Home News Ohio Police Department Offers Catalytic Converter Anti-Theft Service

Ohio Police Department Offers Catalytic Converter Anti-Theft Service


OHIO – One Ohio police department is going beyond regular service and offering a tactic that may deter thieves from stealing catalytic converters.

Kettering police department is offering by appointment only a catalytic converter marking program. The police department explains

When a converter comes from the manufacturer there is nothing specific to link it to the original vehicle. Some scrapyards take names but not all of them do. There’s money to be made in this so the unscrupulous will continue to take them with no questions asked.

It is not illegal to possess catalytic converters, so if an officer makes a traffic stop and the person has converters there isn’t much the officer can do beyond asking questions and look for leads on where they got the converters. Many times the officer has to let the person go with only the information given because we cannot prove they’re stolen.

This is where the marking comes into importance. By marking the converter with the VIN, it ties it directly back to the vehicle it was on when marked. Officers can run the VIN, find the owner, and have them check the vehicle. If the owner says yes, it’s stolen! We can now arrest the person for receiving stolen property.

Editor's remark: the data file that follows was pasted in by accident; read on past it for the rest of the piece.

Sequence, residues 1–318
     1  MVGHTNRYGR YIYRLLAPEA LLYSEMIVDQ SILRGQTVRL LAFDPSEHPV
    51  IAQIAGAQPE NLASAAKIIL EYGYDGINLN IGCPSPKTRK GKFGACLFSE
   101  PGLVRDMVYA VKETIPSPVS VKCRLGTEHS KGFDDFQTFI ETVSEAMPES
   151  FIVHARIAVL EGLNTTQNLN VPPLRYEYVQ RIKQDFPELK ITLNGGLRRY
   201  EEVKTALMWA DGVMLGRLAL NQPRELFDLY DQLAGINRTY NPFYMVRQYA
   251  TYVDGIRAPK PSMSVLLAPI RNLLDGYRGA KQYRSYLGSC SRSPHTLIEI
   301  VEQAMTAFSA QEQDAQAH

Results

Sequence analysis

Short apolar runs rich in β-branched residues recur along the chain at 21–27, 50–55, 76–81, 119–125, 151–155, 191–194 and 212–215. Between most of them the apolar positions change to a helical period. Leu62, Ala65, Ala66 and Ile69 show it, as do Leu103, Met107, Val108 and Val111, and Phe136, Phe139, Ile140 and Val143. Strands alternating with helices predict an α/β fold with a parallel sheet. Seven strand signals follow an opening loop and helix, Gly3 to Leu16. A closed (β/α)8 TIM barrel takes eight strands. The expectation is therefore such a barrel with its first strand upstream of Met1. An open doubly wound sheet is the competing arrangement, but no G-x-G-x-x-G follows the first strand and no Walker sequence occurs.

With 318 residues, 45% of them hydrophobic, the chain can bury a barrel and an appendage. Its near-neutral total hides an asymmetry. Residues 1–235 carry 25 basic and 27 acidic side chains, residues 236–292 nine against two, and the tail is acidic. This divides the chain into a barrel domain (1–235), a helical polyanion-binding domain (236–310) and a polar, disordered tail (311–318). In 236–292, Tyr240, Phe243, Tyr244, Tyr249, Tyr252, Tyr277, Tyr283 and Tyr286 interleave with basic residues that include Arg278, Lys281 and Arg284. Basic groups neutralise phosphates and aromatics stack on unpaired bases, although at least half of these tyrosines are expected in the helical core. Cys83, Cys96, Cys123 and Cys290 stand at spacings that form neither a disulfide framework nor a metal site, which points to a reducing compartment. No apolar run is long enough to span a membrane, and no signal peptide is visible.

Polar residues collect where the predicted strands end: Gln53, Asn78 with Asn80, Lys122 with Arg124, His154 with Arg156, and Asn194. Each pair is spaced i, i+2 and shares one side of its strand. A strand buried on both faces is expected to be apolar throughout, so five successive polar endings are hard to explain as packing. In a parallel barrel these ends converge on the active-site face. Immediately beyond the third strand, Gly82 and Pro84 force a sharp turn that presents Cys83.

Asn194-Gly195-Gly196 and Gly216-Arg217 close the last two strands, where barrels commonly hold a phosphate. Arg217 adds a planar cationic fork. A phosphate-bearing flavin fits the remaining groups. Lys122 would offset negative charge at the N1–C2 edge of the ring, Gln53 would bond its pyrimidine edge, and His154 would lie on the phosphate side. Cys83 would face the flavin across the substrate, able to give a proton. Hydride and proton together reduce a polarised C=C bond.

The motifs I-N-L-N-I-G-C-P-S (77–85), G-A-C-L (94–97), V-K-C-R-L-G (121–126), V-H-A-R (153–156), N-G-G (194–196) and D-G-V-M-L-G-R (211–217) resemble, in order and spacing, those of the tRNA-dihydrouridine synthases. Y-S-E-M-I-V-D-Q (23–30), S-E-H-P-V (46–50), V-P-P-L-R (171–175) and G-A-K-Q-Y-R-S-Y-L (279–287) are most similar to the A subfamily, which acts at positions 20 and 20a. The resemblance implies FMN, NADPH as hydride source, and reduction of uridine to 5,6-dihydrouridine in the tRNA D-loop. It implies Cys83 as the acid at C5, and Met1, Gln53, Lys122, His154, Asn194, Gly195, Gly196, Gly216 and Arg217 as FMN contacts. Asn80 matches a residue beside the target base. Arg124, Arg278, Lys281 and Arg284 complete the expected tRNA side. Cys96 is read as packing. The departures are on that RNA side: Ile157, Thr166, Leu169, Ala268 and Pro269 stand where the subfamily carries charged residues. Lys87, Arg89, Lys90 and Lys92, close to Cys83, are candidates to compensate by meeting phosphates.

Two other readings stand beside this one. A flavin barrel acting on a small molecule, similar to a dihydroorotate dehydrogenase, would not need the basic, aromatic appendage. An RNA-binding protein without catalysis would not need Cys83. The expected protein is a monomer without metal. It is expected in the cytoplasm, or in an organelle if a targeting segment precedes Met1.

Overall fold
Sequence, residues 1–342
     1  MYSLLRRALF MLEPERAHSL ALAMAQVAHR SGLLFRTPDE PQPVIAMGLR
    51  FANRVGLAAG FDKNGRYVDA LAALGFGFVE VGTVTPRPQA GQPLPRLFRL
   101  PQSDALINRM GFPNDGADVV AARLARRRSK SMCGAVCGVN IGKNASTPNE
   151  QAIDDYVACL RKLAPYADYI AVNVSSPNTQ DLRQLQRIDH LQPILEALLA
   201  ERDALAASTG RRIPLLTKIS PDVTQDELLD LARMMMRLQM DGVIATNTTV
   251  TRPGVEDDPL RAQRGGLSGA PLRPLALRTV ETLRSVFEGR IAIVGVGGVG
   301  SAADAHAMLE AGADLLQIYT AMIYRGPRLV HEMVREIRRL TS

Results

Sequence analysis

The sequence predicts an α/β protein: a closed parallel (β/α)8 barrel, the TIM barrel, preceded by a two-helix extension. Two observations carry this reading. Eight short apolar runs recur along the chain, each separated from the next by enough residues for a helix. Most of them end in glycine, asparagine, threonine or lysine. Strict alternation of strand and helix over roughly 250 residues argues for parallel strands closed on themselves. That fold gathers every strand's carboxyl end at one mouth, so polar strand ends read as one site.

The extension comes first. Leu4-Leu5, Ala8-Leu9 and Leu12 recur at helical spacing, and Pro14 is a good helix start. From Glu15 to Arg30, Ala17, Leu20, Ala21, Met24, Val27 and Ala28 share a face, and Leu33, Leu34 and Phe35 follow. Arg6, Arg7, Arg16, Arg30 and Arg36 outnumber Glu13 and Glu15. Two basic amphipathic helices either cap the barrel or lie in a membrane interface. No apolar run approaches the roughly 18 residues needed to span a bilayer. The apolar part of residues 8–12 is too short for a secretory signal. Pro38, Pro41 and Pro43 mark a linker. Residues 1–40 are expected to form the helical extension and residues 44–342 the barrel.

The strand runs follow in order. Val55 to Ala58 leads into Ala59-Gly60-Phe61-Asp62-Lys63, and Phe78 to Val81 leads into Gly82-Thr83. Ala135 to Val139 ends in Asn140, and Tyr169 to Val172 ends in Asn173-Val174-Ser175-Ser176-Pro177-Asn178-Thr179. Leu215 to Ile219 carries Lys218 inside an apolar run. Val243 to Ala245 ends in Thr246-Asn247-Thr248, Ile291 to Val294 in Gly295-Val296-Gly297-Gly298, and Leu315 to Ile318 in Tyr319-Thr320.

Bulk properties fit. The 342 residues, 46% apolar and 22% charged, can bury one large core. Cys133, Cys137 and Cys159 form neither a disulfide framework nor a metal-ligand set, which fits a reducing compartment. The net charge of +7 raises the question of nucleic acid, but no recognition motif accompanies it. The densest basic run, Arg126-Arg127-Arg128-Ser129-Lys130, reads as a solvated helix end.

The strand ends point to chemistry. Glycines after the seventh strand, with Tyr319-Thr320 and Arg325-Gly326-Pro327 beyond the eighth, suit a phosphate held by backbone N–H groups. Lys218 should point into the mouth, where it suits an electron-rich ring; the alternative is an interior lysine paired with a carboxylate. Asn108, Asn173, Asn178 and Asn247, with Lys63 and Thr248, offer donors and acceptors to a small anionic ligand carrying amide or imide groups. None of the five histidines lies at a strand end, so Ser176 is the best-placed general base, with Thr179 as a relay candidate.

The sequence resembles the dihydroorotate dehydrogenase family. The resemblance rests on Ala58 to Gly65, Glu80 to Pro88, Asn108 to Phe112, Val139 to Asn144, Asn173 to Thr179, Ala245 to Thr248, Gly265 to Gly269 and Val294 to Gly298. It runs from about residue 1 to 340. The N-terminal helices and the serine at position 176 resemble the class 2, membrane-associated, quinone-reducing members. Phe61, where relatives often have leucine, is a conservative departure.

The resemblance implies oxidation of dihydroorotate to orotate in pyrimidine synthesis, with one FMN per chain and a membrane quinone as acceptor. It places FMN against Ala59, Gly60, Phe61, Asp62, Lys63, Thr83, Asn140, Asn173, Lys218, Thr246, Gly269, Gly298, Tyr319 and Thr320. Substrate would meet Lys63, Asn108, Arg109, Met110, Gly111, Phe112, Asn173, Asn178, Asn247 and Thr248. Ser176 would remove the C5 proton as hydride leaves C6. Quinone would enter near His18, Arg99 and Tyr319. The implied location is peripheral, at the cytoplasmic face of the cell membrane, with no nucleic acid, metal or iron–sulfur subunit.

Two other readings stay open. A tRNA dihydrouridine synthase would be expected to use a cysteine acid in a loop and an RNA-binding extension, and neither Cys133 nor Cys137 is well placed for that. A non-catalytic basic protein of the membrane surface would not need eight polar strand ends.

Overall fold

The paint is a deterrent. When the thief slides under the car they are going to see the paint and know something is up with that converter and will likely move on to another vehicle that is not marked. They also know if they get stopped with a painted converter officers are going to dig much deeper. This increases their chance of getting caught, which lessens their desire to steal the converter.

Grinding the paint and VIN off takes time and increases the chance of getting caught. Thieves don’t want to do anything that will draw attention. If they don’t remove it, even the unscrupulous scrapyards will be less likely to take it because it will draw attention to their practices.

The paint used to mark the converter is high-heat engine paint that withstands temperatures 1300-2000°F. A converter’s average temperature is 500-800°F. To increase adherence of the paint it is applied to a hot converter, essentially baking the paint on. This makes it more difficult to remove and making it more work for the thief. This program has been shared with all the local departments so if an officer outside of Kettering stops a vehicle with a marked converter they know what to look for.

The department is offering this to the public this service with a partnership with a local Midas service ship once in a while currently all appointest are filled currently.